POCATELLO — Air and water quality near the J.R. Simplot Don Plant will continue to improve at an accelerated pace thanks to a new agreement between the company and the Idaho Department of Environmental Quality.
A new agreement between Simplot and the DEQ signed this summer will reduce fluoride and particulate emissions by more than 50 percent in the coming years. In addition, a 2008 agreement signed by Simplot to reduce phosphates from leaking into the Portneuf River by lining the gypsum stacks near the plant is bringing a steep drop in phosphate levels in the groundwater that seeps into the river.
“Our goal is to clean up the air and water as much as possible,” said regional administrator for the DEQ Bruce Olenick. “I think it will improve this community profusely.”
Olenick said the DEQ has been working with J.R. Simplot for the past eight years to come to an agreement on timelines and procedures to cut air emissions. Simplot immediately began procedures to line the massive gypsum piles located on the hill above the Don Plant so phosphate seepage could be controlled before it entered the groundwater.
“Within the next nine years, Simplot will get a system on line,” Olenick said about replacing the existing cooling towers at the Don Plant that produce 80 percent of the emissions from the plant.
The cooling towers are chiefly responsible for the distinctive odor that is often recognized in the Chubbuck/Pocatello area, particularly during winter inversions, according to Olenick. This new agreement, called a consent order, was created to resolve excessive levels of fluoride detected in vegetation samples collected around the facility.
Fluoride is listed by the US Environmental Protection Agency as a hazardous air pollutant and the state of Idaho has set standards for fluoride in forage. This standard is used to protect grazing animals near airborne sources of fluorides from ingesting too much of the compound which can cause sickness.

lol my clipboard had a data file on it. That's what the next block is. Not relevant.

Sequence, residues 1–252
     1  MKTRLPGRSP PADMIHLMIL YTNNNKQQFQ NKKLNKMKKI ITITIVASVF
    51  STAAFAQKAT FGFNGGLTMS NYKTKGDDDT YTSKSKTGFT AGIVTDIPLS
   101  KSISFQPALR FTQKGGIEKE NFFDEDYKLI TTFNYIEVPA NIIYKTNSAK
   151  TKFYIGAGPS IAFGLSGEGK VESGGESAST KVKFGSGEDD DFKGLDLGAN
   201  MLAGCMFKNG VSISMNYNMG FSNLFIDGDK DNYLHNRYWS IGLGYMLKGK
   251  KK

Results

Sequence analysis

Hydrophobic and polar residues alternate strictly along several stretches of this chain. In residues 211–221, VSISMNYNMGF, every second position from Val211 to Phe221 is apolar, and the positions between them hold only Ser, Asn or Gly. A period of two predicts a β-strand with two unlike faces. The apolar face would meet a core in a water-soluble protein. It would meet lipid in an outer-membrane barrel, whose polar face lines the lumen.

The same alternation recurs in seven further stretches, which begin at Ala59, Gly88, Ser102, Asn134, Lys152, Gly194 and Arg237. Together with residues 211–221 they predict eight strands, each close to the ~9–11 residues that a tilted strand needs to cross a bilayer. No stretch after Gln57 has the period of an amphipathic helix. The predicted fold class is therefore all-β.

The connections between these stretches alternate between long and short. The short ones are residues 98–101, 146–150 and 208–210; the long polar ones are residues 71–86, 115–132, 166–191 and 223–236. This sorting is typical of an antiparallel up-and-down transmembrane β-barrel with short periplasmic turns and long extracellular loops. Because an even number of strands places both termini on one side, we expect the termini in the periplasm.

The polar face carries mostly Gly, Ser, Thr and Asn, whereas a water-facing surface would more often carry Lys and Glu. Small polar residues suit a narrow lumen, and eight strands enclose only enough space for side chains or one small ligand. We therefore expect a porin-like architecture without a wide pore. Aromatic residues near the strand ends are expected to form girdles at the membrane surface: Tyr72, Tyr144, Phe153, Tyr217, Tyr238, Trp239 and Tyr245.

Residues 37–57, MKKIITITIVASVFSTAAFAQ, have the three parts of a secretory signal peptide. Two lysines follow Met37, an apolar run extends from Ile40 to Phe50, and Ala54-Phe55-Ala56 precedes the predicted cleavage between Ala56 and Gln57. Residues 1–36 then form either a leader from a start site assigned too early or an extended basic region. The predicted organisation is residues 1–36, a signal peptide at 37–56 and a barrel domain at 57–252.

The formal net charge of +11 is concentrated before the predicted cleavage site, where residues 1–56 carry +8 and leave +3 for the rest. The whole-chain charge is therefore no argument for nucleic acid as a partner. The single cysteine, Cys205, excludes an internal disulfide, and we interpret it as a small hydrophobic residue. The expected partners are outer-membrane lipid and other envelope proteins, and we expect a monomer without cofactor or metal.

Details of the new consent order include a plan to replace the cooling towers with a low-emission alternative or incorporate other measures that reduce fluoride emissions by greater than 50 percent to meet the existing Idaho standard while simultaneously reducing particulate emissions. Simplot will be required to also install an air monitor and associated meteorological equipment downwind of the plant and revise their facility’s air operating permit to be consistent with the reduction in emissions.
Simplot will also submit a “Remedial Action Plan” for approval to the DEQ that will coordinate all the pollution abatement activities. The agricultural company that manufactures fertilizer at the Don Plant has agreed to pay a penalty for exceeding accepted state levels for fluoride emissions in the past and help support other air pollution reduction initiatives in the Portneuf Valley.
Simplot funding was responsible for the wood stove change-out program that is currently in effect for residents of Pocatello and Chubbuck. Under the guidelines of the wood stove program, people who own older wood burning stoves can receive a $500 rebate to help purchase a new unit that will have an additional 10 percent discount from the participating vendors. The four vendors participating in the program are Mr. Mower, Nick’s Fireplace Outfitters, Rocky Mountain Supply and Webbco.
“All of the actions required under this agreement may take up to 10 years to complete due to the sweeping changes required to reduce emissions at the plant,” Olenick said.
As far as water quality in the Portneuf, Olenick said efforts to line the gypsum stacks has paid huge dividends.
In 2008, phosphorus inputs to the river attributed to the Don Plant because of contaminated ground water averaged around 2,500 pounds per day, which equates to a maximum concentration in the river of approximately 1.60 milligrams per liter. In 2016, phosphorus inputs to the river have dropped to about 750 pounds per day.
“Ideally we’d like to see that reach zero,” Olenick said.
In working out the pollution control agreements with Simplot, Olenick said it was the DEQ’s goal to improve air and water quality while still allowing the fertilizer plant to maintain sustainable operations well into the future.
“These two agreements have charted a path forward to address many complex, long-standing issues that exist as a result of Don Plant operations,” Olenick said.